I remember the 1976 Winter Olympics and walking into our TV room where my dad was watching the USA play hockey against the USSR. As an eight year old more interested in cheering for the winners than in Cold War politics, I announced that I was for the Soviet Union. My dad immediately roared at me, incredulously asking how I could be for the Soviet Union against my own country. It was frightening to me to see my dad’s anger over who I rooted for in a hockey game. So, like any eight year old boy who wanted to please my dad, I immediately back tracked and proclaimed my allegiance for my country’s hockey team. But I was left more than a little curious that cheering for another country in a sporting event against the one I happened to live in could cause such a hostile response from my dad.
That was the first of many, I am afraid, run-ins with something called patriotism. I have to admit I simply have never really understood patriotism, a seemingly unquestioned loyalty to one’s country of origin. I have been attracted to loyalty though and have cherished it as an important value in life. I have witnessed this loyalty by international friends in seminary and since who are quite proud of their country – and even more their culture, which are not always the same thing. Seeing their cultural pride, I have wondered why I do not have this same thing. I have felt as if at times I am somewhat cultureless, though I know that is an impossibility. I think I am part Scottish, part Irish, but no one knows for sure and I honestly have never really cared to ask. I grew up in suburbs, as detached and isolated as my family could afford. I have found much to critique and little to cherish in this context.
Growing up suburban, I have always felt a little adrift, somewhat cultureless, with very little loyalty to where I lived. In fact, where I lived implicitly carried little loyalty if loyalty is dependent on shared experiences with bonded relationships. Suburbs were built for the purposes of seclusion and unaccountable autonomy. Since my experience growing up in the Dallas suburb of Plano was one characterized by almost total exclusion and relationships which were mostly simplex (meaning missing multiple roles or opportunities for deeper social knowledge of one another) and which were utilitarian in nature, I have never felt a strong loyalty to place; neither Texas nor the United States. In fact, because I felt mostly ostracized from suburban Dallas society and I responded by marginalizing myself, any demands that others made on me based solely on geographical location never resonated with me. They still don’t.
I moved to Texas as a sixth grader just as the 80s were beginning, found this incredible emphasis on status, on what I wore, what I owned, and who I hung out with. It was what every teen deals with, but in north Dallas, it was peer pressure and materialism on steroids. So, when these same people who so easily acclimated to a system that degraded and marginalized so many people, demanded that I give my allegiance to this alternative reality called Texas, I thought they were nuts. It just did not register at all.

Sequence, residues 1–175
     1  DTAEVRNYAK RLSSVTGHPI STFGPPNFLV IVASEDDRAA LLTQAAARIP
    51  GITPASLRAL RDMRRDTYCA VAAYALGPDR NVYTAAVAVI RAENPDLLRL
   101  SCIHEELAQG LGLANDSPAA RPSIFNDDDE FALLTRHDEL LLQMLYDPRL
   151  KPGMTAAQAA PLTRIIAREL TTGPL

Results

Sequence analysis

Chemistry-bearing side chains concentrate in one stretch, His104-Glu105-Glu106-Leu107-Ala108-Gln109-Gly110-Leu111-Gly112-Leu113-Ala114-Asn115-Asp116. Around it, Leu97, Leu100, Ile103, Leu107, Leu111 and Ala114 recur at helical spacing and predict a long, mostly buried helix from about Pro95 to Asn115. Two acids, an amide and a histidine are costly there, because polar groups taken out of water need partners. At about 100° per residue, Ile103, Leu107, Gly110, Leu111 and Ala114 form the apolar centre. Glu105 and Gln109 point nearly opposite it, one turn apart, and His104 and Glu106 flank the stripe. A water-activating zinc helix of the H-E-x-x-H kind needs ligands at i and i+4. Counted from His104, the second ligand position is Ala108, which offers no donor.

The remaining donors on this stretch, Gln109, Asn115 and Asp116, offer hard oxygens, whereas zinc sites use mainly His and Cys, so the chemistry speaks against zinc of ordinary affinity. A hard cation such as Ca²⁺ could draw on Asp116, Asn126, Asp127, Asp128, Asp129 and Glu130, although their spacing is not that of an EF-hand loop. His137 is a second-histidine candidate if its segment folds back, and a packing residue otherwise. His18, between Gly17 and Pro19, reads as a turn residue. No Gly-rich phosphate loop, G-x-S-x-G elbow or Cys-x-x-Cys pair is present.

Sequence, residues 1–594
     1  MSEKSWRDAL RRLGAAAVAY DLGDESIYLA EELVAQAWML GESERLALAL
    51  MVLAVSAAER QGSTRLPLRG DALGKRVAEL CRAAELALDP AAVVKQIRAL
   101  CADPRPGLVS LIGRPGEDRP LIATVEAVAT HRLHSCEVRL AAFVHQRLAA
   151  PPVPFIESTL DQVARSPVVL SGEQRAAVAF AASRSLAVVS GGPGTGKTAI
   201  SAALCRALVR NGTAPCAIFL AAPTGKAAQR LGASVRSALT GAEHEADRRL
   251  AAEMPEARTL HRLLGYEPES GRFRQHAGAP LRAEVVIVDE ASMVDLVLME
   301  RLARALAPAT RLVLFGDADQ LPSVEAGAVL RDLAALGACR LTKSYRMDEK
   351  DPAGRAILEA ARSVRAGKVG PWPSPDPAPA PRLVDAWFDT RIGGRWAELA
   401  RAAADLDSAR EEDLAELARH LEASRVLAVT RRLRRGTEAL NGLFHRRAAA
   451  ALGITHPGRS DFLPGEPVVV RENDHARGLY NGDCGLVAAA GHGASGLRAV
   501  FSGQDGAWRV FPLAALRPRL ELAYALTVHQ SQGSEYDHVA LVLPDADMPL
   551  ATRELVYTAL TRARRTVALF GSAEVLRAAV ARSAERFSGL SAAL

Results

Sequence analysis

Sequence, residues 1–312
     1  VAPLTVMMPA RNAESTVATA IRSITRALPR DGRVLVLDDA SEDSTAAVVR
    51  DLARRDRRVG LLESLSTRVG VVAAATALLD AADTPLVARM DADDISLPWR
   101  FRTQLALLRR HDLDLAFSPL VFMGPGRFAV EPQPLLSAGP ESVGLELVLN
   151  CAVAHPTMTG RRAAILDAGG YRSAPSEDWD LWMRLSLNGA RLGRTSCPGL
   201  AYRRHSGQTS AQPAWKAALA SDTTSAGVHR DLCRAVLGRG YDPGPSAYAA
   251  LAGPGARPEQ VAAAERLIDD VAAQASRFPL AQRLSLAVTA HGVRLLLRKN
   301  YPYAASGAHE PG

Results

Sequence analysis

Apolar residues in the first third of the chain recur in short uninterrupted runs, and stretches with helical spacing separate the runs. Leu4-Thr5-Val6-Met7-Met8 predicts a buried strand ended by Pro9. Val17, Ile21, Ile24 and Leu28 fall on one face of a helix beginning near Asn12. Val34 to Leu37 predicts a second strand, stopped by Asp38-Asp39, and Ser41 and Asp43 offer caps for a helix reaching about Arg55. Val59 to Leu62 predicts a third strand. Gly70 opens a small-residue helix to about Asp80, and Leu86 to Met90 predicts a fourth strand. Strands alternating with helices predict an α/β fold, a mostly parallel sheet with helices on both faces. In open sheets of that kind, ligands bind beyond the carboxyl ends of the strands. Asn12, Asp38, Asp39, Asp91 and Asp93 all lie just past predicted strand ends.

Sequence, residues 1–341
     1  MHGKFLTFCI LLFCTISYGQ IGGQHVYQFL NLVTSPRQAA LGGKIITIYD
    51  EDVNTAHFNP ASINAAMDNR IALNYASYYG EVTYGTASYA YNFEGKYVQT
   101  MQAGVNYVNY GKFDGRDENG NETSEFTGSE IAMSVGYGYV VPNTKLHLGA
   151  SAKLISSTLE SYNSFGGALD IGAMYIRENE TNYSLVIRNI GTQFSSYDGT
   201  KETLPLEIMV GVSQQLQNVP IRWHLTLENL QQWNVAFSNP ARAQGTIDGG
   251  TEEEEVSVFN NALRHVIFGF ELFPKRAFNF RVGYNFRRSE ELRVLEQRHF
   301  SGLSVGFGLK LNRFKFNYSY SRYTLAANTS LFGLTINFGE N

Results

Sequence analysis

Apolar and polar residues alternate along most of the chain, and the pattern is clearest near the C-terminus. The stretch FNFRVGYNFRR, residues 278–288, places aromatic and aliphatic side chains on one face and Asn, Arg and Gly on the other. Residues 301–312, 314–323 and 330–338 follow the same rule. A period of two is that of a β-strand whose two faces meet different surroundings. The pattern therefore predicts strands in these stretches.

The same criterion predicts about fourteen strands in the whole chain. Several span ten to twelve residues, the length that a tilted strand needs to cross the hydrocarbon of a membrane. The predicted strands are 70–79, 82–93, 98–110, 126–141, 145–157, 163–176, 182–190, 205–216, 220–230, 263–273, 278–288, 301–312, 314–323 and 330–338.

So, I come to days like Memorial Day with little understanding and what appears to most others, a complete lack of respect and patriotism. I have an appreciation for peoples’ passions whatever they are for. And I can certainly understand why others get angry with me when they feel that I am somewhat obtuse to having loyalty to this country, and even overly critical. I do not feel it necessary to offer apologies, but I can understand why some people have been angry with me.
But I also have to say that I remain baffled as to why some feel this intense loyalty to the country that they have continued to die in wars that have been shown to be unnecessary and misleading as to the cause. I respect the loyalties of others, especially following 9/11 when peoples’ patriotism led them to sign up to fight for their country. In fact, I have repeatedly challenged all of the armchair warriors who so strongly supported the mistaken invasions of Afghanistan and especially Iraq to show that support by signing up and going to fight (and no one took up this challenge seriously unfortunately).
However, I honestly cannot understand why people have continued to travel to Iraq in particular when they frame it as “fighting for their country,” when it has been so clearly shown that this war (and both wars in my opinion) had nothing whatsoever to do with national security or “preserving our freedom” as so many people so glibly say. This is where patriotism, difficult enough for me to understand anyways, becomes totally unintelligible to me. This is where patriotism seems more of a death wish than a respected value. This is where the most patriotic thing seems to be to walk away, to entirely refuse to fight at all; to lay down one’s arms and refuse any orders to continue the needless killing and destruction.
So, on this Memorial Day I feel a tremendous amount of empathy for those families whose loved ones have been killed while employed by the military. I will continue to advocate for our allegiances to be first and foremost devoted to God’s Kingdom; a Kingdom characterized by peace, love and justice. But when patriotism makes its demand upon us, when we are called to defend our country against its enemies, especially when those enemies are rightly named for who they really are – poverty, oppression, and injustice – I will join in that call anytime, any day. Sign me up.